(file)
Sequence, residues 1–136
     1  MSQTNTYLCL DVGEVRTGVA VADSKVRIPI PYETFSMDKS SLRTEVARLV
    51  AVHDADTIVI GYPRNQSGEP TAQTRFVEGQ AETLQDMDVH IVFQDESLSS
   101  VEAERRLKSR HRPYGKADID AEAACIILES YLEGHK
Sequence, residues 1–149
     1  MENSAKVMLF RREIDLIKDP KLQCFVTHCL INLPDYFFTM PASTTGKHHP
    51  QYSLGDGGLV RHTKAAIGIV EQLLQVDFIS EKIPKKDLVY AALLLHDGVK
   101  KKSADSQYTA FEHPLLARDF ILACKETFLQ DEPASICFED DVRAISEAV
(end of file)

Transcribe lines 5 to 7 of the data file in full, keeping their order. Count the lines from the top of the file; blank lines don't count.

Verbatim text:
Sequence, residues 1–149
     1  MENSAKVMLF RREIDLIKDP KLQCFVTHCL INLPDYFFTM PASTTGKHHP
    51  QYSLGDGGLV RHTKAAIGIV EQLLQVDFIS EKIPKKDLVY AALLLHDGVK